There was no day, here at the utter north of the world, in among snow-blanketed hillsides and evergreen forests. This was the cold land where the Old Empire was born when Druanu rose to become a hero of his people, and now he returned to this place a shadow of himself, driven by powers he could not overcome, and the swordmaker’s daughter followed him, with a horned helm and a blade made all of fire.
Shan waded through the deeps of the snow, following the path of blackened footfalls as it wound through the deeps of the valleys. The trees closed in overhead, and she was shielded from the baleful glow of the sky fires as she made her weary way. The sword warmed her flesh, but her heart was cold, her spirit worn and hollow from the deaths she had seen and encompassed to reach this place. She was tired down into her bones, yet she would not turn aside.
She entered a valley that stood silent and undisturbed beneath the blazing sky, and she saw the entrance marked by pillars of stone. They were ancient and worn, but they still bore the mark of the craft of man. Beyond the gateway was a place of hollow hills, and she knew she now entered the great secret of the Karkahd people, the ground they had lived and died to defend for a thousand years. This was the valley of tombs.
The graves were mounds raised over the fallen, marked here and there by stone monuments chiseled into ancient faces now all but worn away. Once stone guardians as well as flesh had protected this final resting place, but that was gone now. All of it was gone. The years had come and worn the lives of men away. The Karkahd were dead, dwindled from once mighty nations to a few savage remnants, and now they had died seeking to fulfill the task appointed to them in a dim age by a dead emperor who now walked as a revenant in his own kingdom.
She followed his tracks now, and she began to find his followers dead along the path. Pallid wights with hollow eyes and yawning mouths lay half-frozen along the trail, drained of the unearthly power that had made them live. Only the path of the Tyrant was plain, his footfalls melted through the snow, seared into the permafrost beneath like the touch of hot iron. She did not have to wonder where his path led; she could not miss it, nor could she miss that she was drawing closer to him, for now steam sometimes rose from the fresh marks.
She reached a long, narrow valley, and at the far end there was a sheer cleft in the hillside, like another gate, and this one was dark, almost covered over with trees and the fall of snow over ages, but she saw it, and she followed the footfalls of the Tyrant to it. There were bones grown into the wood of the trees that flanked the path, and she knew there had been a killing in this place on some long-ago night of blood and death. The sword lit her way as she followed the trail that led her into darkness, and up the jagged, rocky slope beyond, until she emerged into a new place, the heart of all darkness in the cold lands.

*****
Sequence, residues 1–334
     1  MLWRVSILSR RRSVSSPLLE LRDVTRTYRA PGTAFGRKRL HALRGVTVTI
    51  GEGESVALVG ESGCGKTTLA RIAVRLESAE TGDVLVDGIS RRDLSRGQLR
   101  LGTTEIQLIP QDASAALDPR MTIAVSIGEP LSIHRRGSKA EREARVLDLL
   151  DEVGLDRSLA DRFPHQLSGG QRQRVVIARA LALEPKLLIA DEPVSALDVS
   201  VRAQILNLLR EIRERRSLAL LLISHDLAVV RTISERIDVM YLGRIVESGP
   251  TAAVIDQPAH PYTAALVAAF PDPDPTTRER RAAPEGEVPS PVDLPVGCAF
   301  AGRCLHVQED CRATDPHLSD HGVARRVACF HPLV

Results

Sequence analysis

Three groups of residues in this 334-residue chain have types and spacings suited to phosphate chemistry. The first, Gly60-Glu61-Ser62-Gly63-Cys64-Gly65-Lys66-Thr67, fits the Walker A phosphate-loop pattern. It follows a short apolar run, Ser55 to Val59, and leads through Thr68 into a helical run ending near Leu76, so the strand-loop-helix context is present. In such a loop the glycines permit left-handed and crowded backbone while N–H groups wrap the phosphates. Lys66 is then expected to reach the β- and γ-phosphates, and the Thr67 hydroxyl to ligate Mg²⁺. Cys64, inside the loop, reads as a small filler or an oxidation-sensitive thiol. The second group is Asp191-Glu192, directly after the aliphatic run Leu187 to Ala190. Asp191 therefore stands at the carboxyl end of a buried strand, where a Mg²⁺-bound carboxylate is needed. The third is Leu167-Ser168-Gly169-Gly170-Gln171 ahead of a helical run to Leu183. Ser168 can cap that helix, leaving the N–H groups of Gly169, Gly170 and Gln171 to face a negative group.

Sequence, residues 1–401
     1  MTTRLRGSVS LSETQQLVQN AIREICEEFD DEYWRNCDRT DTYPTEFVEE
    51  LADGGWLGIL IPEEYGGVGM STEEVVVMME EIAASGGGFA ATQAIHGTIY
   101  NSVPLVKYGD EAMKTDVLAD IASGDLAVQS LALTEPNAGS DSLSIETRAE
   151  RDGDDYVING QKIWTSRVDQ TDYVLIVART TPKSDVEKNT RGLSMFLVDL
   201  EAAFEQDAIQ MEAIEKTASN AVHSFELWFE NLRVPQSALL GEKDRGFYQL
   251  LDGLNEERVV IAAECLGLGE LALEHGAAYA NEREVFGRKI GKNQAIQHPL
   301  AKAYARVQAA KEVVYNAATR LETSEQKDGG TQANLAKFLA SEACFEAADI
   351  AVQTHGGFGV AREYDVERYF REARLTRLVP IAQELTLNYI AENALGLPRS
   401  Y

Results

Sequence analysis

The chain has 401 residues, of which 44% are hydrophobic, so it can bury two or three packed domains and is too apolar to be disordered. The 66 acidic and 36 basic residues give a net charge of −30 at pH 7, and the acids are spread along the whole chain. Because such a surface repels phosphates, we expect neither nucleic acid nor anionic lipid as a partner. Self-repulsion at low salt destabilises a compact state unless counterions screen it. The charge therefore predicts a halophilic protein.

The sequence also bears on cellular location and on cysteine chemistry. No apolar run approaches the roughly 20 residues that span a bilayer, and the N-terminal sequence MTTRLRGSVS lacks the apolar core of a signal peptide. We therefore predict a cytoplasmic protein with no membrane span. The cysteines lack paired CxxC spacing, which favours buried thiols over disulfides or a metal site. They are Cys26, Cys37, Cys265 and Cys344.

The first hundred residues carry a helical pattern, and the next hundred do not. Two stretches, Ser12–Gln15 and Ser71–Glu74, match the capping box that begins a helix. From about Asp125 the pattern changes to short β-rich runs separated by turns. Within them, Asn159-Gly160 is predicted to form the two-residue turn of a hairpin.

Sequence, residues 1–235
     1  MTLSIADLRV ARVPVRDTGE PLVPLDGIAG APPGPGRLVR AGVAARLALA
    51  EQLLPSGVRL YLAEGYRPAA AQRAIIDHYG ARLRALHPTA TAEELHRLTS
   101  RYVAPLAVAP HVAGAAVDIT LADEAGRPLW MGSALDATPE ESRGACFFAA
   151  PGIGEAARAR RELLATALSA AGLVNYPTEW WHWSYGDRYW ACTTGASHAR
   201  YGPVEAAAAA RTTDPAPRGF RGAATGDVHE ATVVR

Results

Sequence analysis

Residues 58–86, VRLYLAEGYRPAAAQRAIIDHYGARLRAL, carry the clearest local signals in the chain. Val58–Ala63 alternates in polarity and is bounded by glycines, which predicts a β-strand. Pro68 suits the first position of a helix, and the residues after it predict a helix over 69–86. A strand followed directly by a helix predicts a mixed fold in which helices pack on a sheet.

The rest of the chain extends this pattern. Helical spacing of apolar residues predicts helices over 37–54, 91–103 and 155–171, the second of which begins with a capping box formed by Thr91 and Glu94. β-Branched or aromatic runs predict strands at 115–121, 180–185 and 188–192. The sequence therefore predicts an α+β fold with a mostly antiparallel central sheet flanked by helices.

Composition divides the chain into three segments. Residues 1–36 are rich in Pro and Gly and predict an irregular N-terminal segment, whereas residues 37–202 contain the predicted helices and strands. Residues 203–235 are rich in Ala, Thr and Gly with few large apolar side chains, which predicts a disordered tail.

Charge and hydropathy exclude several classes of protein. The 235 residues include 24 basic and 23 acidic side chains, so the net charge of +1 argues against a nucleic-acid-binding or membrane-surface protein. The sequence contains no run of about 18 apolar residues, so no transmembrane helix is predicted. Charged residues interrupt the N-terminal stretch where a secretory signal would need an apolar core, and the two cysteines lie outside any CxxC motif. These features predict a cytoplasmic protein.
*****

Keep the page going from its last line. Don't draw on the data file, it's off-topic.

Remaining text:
This valley had lain untouched by men for a thousand years, and there was nothing left here of the mark of man. The wall of ice that had once been the far northern bulwark had moved, crept down over long ages, and now it stood near, looming above her and lit as from within by the fires of the sky. Blue and green and red coursed within the glass-clear ice, shimmering like witchfire.
And there, like a dark blot against the clarity of the glacier, she saw the shadow of the Emperor, his shadow stretching long behind him, limned by the ghostly flames that coursed within the ice. He knelt there in the snow, a black outline hidden in the haze of ice and smoke that boiled around him. She felt power simmering in the air all around, a silence with an edge like steel that lay waiting to cut. Shan approached him slowly, her sword in her hand, placing each step deliberately. Now, at the end, he would be most desperate, and most dangerous.
She felt the cold emanate from him, saw it shimmer in the air when it met the heat given forth by her sword. It made mist in the dark air. He felt it, and he rose and turned to face her. She saw him loom over her as though he were a giant, his eyes blazing down upon her, and now she saw one of them was cold and white, while the other burned red like a coal. The aura around him was weaker, and the ice turned to vapor when it met the heat from her blade.
He lifted his hands, and in them he bore broken shards that glimmered like black ice. He still carried the pieces of the ember sword that had served him so long, and so well. Now it was nothing more than blackened glass, broken apart and powerless. Now his own power was failing him. The power that shrouded, and stretched out a cold hand to take all the life it could reach. That power was fading.
“Stop,” she said, not knowing if he could understand her words, for he came from a time when dead languages were still spoken across a younger world. “It is not you, Druanu, Hammer of the North, who does this. It is the power you contested with in your youth, and overcame, and yet you did not destroy it, and so it has waited, and now it would use you for its own ends. Dead, it refuses to rest. It is done, but it will destroy all it can before it gives way. Do not go to it. Come away. Lie down, and rest again.”
He shuddered, as if a wind tore at him that she could neither feel, nor see. The tempest around him died, and she saw him plain for the first time. His flesh was dark from years in his tomb, sunken and polished like glass. He turned his head and looked at her, and she saw that he wore a mask on his face, and through it only one eye burned – the cold one.